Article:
And then in terms of the substance of the policies that they're working together on, I think it was a very good meeting. So I wouldn't read anything out in terms of the President not saying a lot afterward. Obviously, it was at the end of a long day, and he's got another long one tomorrow.

Hey, Geoff.

Q Hey, Dana. I'm just wondering, with this creation of the new Asia Pacific Democracy Partnership the President announced today, I suspect you're not expecting China to join that. And I'm just wondering who will join that sort of partnership?

MS. PERINO: Let me ask Jim if he wants to answer that.

Q And also, can I just add, it's interesting, Australia has a sort of an agnostic position when it comes to trade with countries such as China, it doesn't formulate democracy into that.

MR. JEFFREY: The idea is to set up a non-exclusionary program of countries that are democracies that wish to work together to coordinate policies in a structured but not overly formal fashion, to reach out to other countries on such things as rule of law, election monitoring, democracy training, working with the free media in these countries. We really don't have any fixed idea on who could be members. One example, it's a very general example, is the OSCE, formally the CSCE in Europe, as an organization that focuses on election monitoring, focuses on training of groups of people, focuses on civil society and rule of law. It's that kind of thing. We are working not only with, but to some degree, on the initiative of some of our democratic partners here in the region who are interested in seeing a more political component to what is a very effective constellation of economically-oriented organizations in the Pacific Asian realm.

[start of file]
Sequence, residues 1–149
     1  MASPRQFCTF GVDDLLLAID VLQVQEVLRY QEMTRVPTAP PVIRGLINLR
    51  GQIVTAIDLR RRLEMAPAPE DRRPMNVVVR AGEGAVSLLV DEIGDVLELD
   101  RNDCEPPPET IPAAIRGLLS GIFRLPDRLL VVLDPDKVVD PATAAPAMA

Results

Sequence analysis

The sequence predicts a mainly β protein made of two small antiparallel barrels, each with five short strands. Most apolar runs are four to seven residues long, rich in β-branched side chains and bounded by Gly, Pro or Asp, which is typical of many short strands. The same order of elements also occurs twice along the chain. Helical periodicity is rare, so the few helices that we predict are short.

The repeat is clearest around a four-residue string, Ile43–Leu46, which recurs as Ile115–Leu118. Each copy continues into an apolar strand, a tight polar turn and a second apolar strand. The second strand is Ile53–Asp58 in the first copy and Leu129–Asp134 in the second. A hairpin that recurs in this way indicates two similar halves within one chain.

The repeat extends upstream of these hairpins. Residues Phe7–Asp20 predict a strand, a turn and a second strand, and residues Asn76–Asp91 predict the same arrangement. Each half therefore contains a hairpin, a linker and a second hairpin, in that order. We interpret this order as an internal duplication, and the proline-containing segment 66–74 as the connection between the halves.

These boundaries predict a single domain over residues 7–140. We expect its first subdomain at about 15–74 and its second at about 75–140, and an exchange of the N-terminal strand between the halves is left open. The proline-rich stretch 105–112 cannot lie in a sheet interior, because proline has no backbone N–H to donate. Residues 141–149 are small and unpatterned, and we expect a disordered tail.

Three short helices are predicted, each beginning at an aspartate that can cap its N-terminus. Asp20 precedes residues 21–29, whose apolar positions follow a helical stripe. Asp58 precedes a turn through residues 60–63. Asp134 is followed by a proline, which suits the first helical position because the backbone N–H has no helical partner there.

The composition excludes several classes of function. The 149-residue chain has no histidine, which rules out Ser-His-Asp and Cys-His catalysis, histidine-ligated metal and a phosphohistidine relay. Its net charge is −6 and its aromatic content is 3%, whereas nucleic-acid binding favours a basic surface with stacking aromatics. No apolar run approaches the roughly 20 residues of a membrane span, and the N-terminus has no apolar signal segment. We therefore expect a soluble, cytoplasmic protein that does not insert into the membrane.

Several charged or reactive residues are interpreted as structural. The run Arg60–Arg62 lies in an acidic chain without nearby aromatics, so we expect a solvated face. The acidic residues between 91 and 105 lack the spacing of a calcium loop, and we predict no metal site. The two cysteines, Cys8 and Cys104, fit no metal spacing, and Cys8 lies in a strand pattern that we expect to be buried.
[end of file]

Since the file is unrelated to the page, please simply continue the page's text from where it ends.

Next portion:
Q Can I just ask, has Canberra backed it as well?

MR. JEFFREY: We believe that we have -- we've had conversations with most of the democracies in the region. I think you should ask your government exactly where they are. But as I said, we feel that we have enough support to have gone forward with the idea in principle. There has to be a lot of work on something as important as this.

MS. PERINO: Can we end it there?

Q Dana, do you have any information about a possible tape from Osama bin Laden?

MS. PERINO: I'd refer you back to what Fran Townsend, the President's Homeland Security Advisor, was on your network today talking about it. We'll have to see if a tape does show up. And as she said, we will make sure to analyze it carefully and take it from there. But I think that one of the things that this reminds us of is the terror threat that is evident around the world, especially as we had the arrests in Germany and in Denmark during this week. And so if there's a tape, we'll see what it is from there.

But one of the things the President said yesterday was, this is an enemy that is very sophisticated, very technically savvy, and they use propaganda in order to send out their messages. And we have to keep that in mind. And so if we get

-- when we get more, if we get more, we'll let you know.

All right, thanks, everyone.

END 7:56 P.M. (Local)